But, primary prevention is really our next big piece of work. For eons, women and children have been subjected to abuse and trauma because our culture, our laws, our religions all said it was okay. Two centuries ago, courts told men how they should beat their wives not that they couldn’t. Thirty years ago, it was legal to rape your wife. Today, that is not the case in Kansas. This is culture change.
As we have moved forward with our primary prevention work, research shows us that changing our attitudes and beliefs about violence against women and girls will lead to real change. Teaching our children about healthy and respectful relationships will lead to real change. Involving men and boys in the work of ending violence against women will lead to real change. Raising the social status of women will lead to real change. This is what will end domestic and sexual violence.
So, Stand with Us, as we end sexual and domestic violence against women, children and men. Commit yourselves for the long haul. Stand with Us as we lead the way toward real change. Only with the help of all of you, and with the work of all of us, will we be able to make the real change we need.
Event pictures at Shutterfly.com
(distributed on 10-17-12)
October is Domestic Violence Awareness Month. All over the nation, people are coming together to recognize the compassion, commitment, and collaboration that have gone into helping victims of domestic violence and their children rebuild their lives. Governor Brownback joined the efforts this year by signing a declaration to recognize this month in Kansas.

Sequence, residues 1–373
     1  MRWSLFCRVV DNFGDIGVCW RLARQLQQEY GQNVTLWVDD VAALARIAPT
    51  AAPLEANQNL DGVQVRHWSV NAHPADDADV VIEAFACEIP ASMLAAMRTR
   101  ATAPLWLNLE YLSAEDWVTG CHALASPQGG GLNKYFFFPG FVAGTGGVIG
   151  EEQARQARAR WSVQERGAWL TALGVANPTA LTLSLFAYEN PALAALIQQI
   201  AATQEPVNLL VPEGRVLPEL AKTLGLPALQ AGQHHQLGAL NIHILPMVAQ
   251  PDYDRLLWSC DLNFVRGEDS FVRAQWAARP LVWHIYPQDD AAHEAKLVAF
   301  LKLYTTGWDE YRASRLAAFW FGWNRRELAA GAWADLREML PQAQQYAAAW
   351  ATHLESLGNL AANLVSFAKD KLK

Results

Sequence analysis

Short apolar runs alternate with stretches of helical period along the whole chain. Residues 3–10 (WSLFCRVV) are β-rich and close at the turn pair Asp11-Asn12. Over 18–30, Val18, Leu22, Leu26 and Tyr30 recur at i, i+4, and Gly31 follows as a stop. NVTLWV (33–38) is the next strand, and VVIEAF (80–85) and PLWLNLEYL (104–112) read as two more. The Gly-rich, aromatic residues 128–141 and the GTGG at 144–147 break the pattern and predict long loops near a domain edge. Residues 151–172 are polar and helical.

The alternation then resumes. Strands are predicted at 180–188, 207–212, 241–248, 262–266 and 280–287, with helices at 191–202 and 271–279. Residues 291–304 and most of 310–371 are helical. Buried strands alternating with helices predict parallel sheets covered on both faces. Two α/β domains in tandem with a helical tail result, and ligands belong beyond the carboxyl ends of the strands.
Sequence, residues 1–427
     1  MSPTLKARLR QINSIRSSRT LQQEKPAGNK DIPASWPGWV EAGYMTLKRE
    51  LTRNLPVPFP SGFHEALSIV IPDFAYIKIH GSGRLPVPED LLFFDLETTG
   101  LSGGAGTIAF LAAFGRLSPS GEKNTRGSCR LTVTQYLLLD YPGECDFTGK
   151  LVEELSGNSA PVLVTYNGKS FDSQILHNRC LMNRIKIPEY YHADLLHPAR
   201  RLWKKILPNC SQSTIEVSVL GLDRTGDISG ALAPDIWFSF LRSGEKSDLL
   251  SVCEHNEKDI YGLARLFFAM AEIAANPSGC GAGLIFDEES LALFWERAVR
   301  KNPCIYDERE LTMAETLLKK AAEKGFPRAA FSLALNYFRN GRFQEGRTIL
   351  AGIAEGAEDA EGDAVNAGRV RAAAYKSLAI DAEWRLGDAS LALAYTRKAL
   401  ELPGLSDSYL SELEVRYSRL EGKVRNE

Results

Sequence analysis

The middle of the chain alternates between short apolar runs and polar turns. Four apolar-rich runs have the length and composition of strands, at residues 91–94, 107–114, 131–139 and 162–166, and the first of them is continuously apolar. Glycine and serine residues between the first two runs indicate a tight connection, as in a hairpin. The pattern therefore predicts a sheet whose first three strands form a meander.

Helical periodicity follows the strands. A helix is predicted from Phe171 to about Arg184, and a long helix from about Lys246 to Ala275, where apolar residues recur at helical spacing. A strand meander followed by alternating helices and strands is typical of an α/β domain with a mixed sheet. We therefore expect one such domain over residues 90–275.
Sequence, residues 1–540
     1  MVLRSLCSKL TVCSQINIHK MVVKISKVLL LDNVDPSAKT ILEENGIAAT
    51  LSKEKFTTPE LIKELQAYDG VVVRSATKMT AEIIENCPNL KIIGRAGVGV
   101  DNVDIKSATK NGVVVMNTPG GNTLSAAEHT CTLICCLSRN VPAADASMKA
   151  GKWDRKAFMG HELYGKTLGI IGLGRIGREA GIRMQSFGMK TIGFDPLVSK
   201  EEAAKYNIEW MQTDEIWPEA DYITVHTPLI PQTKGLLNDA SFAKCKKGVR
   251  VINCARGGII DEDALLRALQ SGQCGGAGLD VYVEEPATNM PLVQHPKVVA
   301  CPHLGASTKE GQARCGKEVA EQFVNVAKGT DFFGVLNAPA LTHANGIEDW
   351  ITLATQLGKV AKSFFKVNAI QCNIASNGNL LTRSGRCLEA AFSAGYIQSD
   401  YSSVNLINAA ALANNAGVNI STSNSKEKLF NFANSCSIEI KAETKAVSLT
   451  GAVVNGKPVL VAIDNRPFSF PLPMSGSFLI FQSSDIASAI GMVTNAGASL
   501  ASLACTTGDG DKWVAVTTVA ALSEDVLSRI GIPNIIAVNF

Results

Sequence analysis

Kansas is not immune from this violence. Last year, over 4,000 Kansans sought the safety of a domestic violence shelter. Another 21,000 Kansas received additional life-saving, life-transforming services all over the state.
This year also marks the 30th anniversary of the Kansas Coalition Against Sexual and Domestic Violence (KCSDV), a state coalition working on behalf of domestic violence and sexual assault victims. Last year, KCSDV provided over 100 training events, reaching more than 2,800 people. An additional 3,700 people called KCSDV for expert advice and information.
These programs are at the front line of ending this violence in our homes. They should be applauded and supported for this critical work.
I urge all of you to play a role this month. Give a victim the state hotline number (1-888-END ABUSE). Donate money to your local program or to KCSDV. Volunteer to help. Speak out when you see or hear violence happening. Encourage and teach youth about respectful relationships.
Ending domestic and sexual violence is a community responsibility. We must all do our part. You can find out more about your local program and how to help through the KCSDV website, kcsdv.org. I urge you to do so today.
Let’s make this not just Domestic Violence Awareness Month but also Domestic Violence ACTION Month!